McMaster University



TEXT HEADER Health and Safety

The Co-Chairs of the Chemistry Health & Safety Committee are Kalai Saravanamuttu and Leah Allan

Members of our Department trained in First Aid are:
Jim Britten - ABB B101
Kirk Green - ABB 474
Steve Kornic - ABB 230
Tricia Martin - ABB 222
Nicki Robinson - ABB 412

NOTE: ABB has an OHSA Regulation 1101, 1st Aid Kit supplied by EOHSS. There is one in the Chemistry Main Office (ABB 156). You DO NOT need to have a regulation kit in your lab! If you decide to have one, you must ensure a person in your lab is certified with the 2 Day Standard 1st Aid Training. A log and inventory of the kit must be kept by this person and only this person can issue items from the 1st Aid Kit.

Should you decide to have a regulation kit, your 1st Aid Kit should have the following:
First Aid Requirements | Regulation 1101

(1) Every employer employing not more than five workers in any one shift at a place of employment shall provide and maintain at the place of employment a first aid station with a first aid
box containing as a minimum,
(a) a current edition of a standard St. John Ambulance First Aid Manual;
(b) 1 card of safety pins; and
(c) dressings consisting of,
(i) 12 adhesive dressings individually wrapped,
(ii) 4 sterile gauze pads, 3 inches square,
(iii) 2 rolls of gauze bandage, 2 inches wide,
(iv) 2 fi eld dressings, 4 inches square or 2 four-inch
sterile bandage compresses, and
(v) 1 triangular bandage.

(2) The employer shall ensure that the first aid station is at all times in the charge of a worker who,
(a) is the holder of a valid St. John Ambulance Emergency First Aid Certifi cate or its equivalent; and
(b) works in the immediate vicinity of the station.

Chemistry Department - Health and Safety Policy and Guidelines

Disclaimer and Acknowledgement     

Emergency Procedures

A.        General Considerations ‑and Overview

B.        Procedures in Case of Accident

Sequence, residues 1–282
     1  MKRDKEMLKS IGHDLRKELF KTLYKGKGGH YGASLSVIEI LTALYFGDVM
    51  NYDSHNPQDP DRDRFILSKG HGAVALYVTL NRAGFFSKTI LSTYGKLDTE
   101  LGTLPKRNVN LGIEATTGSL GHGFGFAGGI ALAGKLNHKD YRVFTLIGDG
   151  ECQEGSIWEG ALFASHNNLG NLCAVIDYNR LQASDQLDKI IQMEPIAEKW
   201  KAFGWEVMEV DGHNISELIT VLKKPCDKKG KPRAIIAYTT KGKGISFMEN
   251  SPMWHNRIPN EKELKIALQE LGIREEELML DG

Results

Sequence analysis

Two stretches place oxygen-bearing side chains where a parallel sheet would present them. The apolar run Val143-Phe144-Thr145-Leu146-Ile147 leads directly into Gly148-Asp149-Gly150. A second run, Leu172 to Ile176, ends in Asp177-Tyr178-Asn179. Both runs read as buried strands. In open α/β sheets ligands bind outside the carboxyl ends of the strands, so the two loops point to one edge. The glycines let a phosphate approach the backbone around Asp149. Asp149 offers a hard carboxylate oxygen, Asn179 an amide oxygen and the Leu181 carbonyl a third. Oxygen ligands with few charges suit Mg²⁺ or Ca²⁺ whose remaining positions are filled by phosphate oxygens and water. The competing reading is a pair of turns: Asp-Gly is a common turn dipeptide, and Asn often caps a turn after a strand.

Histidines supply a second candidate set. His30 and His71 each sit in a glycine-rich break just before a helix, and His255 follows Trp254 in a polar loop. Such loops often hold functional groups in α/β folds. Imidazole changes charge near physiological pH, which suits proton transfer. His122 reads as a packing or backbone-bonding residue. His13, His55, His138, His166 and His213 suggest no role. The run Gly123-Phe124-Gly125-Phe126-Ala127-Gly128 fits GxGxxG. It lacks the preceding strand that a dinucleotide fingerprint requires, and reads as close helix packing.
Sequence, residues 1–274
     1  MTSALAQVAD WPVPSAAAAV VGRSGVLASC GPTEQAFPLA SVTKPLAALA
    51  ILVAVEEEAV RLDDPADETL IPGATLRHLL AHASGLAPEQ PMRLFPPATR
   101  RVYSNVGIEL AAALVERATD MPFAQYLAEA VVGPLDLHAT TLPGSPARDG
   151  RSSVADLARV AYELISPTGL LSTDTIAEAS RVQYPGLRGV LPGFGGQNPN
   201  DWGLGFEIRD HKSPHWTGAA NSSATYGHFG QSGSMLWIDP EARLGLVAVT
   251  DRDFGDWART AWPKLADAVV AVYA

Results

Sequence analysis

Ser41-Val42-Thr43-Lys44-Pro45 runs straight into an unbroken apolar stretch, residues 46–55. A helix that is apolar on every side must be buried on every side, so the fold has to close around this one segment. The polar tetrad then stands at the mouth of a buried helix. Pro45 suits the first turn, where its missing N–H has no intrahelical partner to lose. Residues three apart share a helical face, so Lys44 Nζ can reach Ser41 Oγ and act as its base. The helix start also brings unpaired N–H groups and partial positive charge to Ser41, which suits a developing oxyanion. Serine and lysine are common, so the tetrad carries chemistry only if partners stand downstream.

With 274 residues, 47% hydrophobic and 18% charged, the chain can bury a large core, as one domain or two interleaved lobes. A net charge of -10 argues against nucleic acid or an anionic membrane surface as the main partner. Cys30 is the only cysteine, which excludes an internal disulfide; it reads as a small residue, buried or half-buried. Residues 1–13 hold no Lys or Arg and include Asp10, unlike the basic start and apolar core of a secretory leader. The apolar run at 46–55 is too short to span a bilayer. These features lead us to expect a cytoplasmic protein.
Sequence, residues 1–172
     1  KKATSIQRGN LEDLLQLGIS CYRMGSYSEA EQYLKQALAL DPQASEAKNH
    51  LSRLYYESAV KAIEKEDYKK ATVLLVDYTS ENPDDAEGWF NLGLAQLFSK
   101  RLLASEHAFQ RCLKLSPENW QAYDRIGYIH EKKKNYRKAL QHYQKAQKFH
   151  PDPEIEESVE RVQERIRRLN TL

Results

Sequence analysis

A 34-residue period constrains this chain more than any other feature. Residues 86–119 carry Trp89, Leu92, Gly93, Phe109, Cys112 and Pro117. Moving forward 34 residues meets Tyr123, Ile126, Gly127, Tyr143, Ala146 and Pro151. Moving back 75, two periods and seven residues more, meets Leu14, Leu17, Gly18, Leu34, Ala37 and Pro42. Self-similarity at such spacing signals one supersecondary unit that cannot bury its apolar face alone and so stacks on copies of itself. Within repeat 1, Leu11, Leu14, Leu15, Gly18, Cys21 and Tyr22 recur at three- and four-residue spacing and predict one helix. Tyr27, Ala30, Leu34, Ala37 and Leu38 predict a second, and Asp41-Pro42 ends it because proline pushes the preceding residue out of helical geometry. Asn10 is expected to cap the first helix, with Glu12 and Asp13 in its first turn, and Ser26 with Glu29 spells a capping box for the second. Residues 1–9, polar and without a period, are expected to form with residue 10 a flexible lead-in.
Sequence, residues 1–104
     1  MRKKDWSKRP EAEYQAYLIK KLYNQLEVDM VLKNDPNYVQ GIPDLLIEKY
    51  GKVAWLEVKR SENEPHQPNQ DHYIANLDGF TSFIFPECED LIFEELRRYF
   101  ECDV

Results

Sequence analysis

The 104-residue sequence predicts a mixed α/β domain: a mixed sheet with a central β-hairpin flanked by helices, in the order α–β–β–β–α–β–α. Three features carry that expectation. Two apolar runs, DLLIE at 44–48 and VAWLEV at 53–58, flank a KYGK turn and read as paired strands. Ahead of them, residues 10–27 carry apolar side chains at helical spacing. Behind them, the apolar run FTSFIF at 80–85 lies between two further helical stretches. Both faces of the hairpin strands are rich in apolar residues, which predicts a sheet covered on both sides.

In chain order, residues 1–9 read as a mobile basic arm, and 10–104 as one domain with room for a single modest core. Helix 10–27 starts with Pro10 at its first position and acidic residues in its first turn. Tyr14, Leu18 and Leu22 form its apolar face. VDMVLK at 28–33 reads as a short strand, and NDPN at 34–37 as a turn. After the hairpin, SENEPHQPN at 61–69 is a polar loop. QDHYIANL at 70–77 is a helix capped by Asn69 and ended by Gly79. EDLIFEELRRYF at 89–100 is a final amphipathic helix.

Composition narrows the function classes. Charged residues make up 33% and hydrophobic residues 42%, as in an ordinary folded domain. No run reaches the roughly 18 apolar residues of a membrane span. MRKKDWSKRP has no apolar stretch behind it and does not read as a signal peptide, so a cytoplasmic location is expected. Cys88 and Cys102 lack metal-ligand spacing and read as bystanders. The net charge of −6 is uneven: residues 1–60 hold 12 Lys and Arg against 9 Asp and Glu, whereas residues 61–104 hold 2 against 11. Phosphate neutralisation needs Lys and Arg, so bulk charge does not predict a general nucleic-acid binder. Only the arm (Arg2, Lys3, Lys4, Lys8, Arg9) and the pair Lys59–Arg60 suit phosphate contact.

C.        Fire Protection

D.        Explosions, Pressure and Vacuum

E.         Caustic Substances

F.         Toxic Substances

G.        Transportation and Storage of Chemicals

H.        Physical Hazard

I.          Occupational Health and Safety Act of the Province of Ontario and WHMIS

J.         Workplace Hazardous Materials Information System (WHMIS)

K.        References


Appendix 1      Types of Fires and Fire Extinguishers

Appendix 2     Flash Points and Boiling Points of Some Common Laboratory Solvents

Appendix 3     Methods for the Destruction of Small Quantities of Some Common Reactive Materials

Appendix 4    Peroxidizable Compounds

Appendix 5     First Aid for Chemical Exposures         


Waste Disposal Legend - how to get rid of everything!
Handle Organolithium compounds safely! Click here to find out how!
Want information on EVERYTHING? Click here: Eng. Phys Safety pages
A fabulous website for Health & Safety Info!
McMaster Health and Safety Policies
Mandatory Training Requirements
As specified by the Dean of Science
Standard Operating Procedures (SOP's) for Set-up and use of Stills:
Useful procedures you may wish to adopt in your lab or modify for your purposes.
Is the fume hood sash broken? Is water dripping on the floor?
Learn how to place a work order!
Grounding and Bonding Solvent Drums
Many researchers use solvent drums and dispense into smaller vessles. Click the link above to learn more about proper grounding and bonding
Working with HF? It is mandatory that you attend the HF training course and have an emergency HF kit in your lab.
Lab Coat Laundering

In the News:
A fire in January at UCLA involving t-Bu-Li resulted in the death of the technician handling the liquid. This is a tragedy that should have been avoided. Please understand the hazards involved in the chemicals you are handling - always ask yourself, "What if...?" And KNOW the answer!

An assault in a Chemistry lab in Ottawa occurred over the Labour Day Weekend - Please make sure you enter the building safely after hours, inform Security of your presence and lock the door behind you!

A fire occurred in a lab in Ohio State University - hexane was the solvent involved - as it was in our last lab fire. Be aware - this could happen to you! Please work safely and follow proper handling/storage/waste procedures.

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